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Do You Host Events for Minors? See This New Policy

By Dateline Staff on January 8, 2019 in University

Furthering its commitment to the safety and protection of minors who participate in UC Davis activities and programs, the university is now requiring the advance registration of such events on and off campus where children and teens under 18 are not chaperoned.

The registration rule is part of a policy that took effect Dec.10, Activities and Programs With Minors (enumerated 290-31 in the Policy and Procedures Manual). It also:

Clarifies the university’s screening requirements (including background checks) for employees and volunteers who interact with, supervise, chaperone or oversee minors in activities and programs.

Inserts into the screening process a new Code of Conduct With Minors, outlining common-sense practices (for example, avoid working one-on-one with minors in private settings) and listing best practices for physical affection.

The policy applies to “any event, operation or endeavor operated, conducted or organized by the university, that includes minors, during which parents or guardians are not expected to be responsible for their care, custody or control.”

The university’s Youth Protection Council, chaired by Risk Management Services and including staff and faculty experts and advisors, developed the policy after having been tasked with providing consistent guidance and a structure to help prevent untoward action against minors, as well as false allegations against the organization.

“The responsibility for ensuring the protection of minors we host on campus falls to us,” said Gaby Renteria, risk manager. “This policy fully supports UC Davis’ mission, which requires that we create an environment that is safe, nurturing, empowering, and that promotes growth and success.”

The policy does not apply to minors who are enrolled for academic credit. Other exemptions include public events such as Picnic Day, and activities and programs operated, conducted or organized by registered student organizations or third-party organizations that rent university facilities.

Safety Services, which includes risk management, has put up the Youth Protection Program webpage to help managers understand the new policy, from registration to training and background checks. The site also includes a list of the most common activities that must be registered:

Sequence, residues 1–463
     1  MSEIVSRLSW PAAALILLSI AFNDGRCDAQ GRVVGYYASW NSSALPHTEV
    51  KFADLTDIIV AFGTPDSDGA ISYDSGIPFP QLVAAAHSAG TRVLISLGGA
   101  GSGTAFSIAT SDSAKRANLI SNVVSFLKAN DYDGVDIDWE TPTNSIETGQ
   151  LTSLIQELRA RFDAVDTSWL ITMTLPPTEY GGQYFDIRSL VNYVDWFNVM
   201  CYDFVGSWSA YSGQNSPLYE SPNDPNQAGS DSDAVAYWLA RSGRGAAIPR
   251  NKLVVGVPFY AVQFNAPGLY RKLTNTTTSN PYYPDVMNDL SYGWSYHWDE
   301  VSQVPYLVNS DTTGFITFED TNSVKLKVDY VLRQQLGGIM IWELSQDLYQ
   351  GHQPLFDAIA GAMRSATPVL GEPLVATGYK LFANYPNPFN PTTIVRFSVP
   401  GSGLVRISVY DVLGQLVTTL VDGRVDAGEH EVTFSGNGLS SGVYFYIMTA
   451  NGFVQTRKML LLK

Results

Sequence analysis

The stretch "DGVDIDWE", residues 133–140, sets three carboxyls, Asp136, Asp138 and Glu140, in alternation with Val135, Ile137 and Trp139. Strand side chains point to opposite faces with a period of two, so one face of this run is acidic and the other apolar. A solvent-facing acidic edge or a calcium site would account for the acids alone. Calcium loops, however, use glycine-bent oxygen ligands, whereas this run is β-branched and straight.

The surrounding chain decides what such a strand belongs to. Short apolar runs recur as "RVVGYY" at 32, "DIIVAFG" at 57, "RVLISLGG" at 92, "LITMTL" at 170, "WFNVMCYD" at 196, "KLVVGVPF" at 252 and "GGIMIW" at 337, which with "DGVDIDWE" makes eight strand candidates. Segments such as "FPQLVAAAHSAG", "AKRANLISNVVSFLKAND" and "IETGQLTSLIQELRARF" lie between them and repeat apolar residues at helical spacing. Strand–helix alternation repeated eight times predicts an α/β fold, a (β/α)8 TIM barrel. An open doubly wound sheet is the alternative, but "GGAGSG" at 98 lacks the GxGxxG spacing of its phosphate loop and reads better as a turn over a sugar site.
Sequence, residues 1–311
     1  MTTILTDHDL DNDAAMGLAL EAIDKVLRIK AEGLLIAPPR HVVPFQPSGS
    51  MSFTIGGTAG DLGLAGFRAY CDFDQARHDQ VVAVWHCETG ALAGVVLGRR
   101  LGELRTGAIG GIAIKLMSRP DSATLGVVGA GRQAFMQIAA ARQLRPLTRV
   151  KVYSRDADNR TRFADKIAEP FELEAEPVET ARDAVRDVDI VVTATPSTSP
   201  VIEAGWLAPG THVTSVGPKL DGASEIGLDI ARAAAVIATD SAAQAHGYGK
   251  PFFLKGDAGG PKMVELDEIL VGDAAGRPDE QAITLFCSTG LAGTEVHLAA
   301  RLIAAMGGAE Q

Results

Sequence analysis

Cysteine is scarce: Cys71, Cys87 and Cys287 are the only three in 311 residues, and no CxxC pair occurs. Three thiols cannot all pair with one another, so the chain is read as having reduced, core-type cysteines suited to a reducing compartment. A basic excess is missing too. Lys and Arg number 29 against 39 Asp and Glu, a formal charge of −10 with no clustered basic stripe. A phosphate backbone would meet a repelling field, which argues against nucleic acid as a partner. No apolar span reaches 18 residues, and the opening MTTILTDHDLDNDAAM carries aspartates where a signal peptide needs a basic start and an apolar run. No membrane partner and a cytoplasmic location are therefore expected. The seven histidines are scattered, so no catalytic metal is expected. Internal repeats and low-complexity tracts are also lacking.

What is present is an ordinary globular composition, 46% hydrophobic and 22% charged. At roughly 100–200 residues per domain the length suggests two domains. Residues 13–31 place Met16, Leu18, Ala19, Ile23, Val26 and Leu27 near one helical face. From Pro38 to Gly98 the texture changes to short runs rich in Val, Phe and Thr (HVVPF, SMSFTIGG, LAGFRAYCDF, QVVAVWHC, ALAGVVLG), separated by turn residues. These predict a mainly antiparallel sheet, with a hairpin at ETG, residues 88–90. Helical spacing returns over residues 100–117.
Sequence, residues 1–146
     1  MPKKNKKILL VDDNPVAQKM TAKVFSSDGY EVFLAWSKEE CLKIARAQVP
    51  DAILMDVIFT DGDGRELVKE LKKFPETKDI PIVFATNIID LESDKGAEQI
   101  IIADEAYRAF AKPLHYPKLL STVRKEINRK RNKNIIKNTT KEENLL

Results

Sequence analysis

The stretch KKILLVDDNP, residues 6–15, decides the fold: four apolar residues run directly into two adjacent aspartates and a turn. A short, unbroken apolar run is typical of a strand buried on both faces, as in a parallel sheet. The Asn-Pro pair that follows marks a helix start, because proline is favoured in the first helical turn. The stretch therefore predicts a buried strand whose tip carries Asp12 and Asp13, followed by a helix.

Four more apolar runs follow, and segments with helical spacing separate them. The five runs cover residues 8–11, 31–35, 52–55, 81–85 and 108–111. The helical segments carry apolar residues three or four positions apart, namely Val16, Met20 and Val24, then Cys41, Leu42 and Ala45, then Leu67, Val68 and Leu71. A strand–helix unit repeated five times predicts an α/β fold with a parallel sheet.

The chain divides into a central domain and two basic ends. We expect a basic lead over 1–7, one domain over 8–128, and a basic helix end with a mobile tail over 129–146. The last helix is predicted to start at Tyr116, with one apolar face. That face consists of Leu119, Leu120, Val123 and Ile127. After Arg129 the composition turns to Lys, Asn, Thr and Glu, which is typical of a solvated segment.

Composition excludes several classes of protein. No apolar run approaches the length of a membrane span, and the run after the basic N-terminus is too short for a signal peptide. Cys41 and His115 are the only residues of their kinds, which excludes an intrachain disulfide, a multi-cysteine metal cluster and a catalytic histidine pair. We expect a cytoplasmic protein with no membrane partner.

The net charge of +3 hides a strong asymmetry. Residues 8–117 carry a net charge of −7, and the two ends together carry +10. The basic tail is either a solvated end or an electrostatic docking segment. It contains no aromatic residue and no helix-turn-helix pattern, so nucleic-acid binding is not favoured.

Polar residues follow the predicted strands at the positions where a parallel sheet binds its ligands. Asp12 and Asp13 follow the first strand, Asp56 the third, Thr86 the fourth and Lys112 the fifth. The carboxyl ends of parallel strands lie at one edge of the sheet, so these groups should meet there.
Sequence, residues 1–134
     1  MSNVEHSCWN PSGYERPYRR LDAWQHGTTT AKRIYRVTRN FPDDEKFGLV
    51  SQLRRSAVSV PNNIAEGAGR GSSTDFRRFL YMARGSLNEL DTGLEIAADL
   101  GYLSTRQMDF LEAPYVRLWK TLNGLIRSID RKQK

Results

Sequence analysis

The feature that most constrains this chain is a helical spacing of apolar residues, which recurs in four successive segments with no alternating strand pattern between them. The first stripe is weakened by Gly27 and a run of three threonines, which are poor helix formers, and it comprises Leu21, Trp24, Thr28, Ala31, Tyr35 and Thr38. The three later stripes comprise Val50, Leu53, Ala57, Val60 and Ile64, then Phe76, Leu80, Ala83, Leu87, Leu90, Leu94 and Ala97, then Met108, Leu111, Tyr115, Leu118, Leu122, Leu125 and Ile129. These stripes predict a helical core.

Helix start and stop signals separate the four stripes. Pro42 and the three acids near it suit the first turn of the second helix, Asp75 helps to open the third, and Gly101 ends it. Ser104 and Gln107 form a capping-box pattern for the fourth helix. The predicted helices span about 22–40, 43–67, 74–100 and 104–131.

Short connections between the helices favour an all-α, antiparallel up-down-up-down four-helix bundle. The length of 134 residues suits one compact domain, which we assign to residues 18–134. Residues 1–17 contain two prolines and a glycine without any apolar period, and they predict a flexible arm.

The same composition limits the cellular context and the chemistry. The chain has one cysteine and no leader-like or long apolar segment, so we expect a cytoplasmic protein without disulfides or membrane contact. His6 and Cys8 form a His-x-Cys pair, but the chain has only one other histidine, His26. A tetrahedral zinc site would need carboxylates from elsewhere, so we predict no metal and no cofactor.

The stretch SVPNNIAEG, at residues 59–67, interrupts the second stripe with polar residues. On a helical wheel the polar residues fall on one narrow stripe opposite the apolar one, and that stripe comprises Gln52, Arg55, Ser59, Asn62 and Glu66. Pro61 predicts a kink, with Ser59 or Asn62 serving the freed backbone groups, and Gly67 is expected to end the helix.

• Youth sports athletic camps and clinics
  • Day camps and programs (nonsport)
  • Overnight camps and programs
  • Mentoring and tutoring programs
  • Outreach programs
  • Community service activities
  • On-campus internships for minors
  • Recruitment activities

For each such activity or program, according to the policy, “at least one authorized person must have care, custody or control of minors at all times.” The policy defines “authorized person” as an individual who interacts with, supervises, chaperones or oversees minors in an activity or program.

Prior to commencing their activities and programs, as employees or volunteers, all authorized persons must complete required training and screening (including a check of the National Sex Offender Registry), and sign the Code of Conduct With Minors.

Department heads are required to appoint program director(s) for all activities and programs with minors, and monitor for compliance with the policy; and program directors are required to register all activities and programs with minors. Registration is with Risk Management Services (via this online form).

“Youth protection is by far our No. 1 priority,” said Jeff Heiser, a member of the Youth Protection Council who works as associate director of recreation in Campus Recreation and Unions. In community recreation programs, Heiser said, “We’ve long implemented what this policy requires because they’re best practices, and I’m glad they are being formalized across UC Davis.”

The Youth Protection Council acknowledges this is an evolving effort and welcomes questions and feedback via Risk Management Services email.

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